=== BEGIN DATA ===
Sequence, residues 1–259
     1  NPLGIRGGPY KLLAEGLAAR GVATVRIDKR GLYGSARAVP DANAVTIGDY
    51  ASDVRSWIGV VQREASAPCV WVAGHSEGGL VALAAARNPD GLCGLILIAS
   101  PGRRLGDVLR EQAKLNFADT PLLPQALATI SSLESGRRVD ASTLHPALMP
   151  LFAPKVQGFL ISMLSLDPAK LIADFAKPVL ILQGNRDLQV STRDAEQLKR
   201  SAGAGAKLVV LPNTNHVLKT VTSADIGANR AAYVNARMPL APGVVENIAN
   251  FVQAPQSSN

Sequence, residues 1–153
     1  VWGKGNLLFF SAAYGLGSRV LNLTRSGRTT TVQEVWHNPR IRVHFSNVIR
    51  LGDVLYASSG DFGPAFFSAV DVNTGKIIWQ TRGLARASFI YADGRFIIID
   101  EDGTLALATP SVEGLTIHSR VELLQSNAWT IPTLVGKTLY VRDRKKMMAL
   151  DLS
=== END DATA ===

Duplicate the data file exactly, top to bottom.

Sequence, residues 1–259
     1  NPLGIRGGPY KLLAEGLAAR GVATVRIDKR GLYGSARAVP DANAVTIGDY
    51  ASDVRSWIGV VQREASAPCV WVAGHSEGGL VALAAARNPD GLCGLILIAS
   101  PGRRLGDVLR EQAKLNFADT PLLPQALATI SSLESGRRVD ASTLHPALMP
   151  LFAPKVQGFL ISMLSLDPAK LIADFAKPVL ILQGNRDLQV STRDAEQLKR
   201  SAGAGAKLVV LPNTNHVLKT VTSADIGANR AAYVNARMPL APGVVENIAN
   251  FVQAPQSSN

Sequence, residues 1–153
     1  VWGKGNLLFF SAAYGLGSRV LNLTRSGRTT TVQEVWHNPR IRVHFSNVIR
    51  LGDVLYASSG DFGPAFFSAV DVNTGKIIWQ TRGLARASFI YADGRFIIID
   101  EDGTLALATP SVEGLTIHSR VELLQSNAWT IPTLVGKTLY VRDRKKMMAL
   151  DLS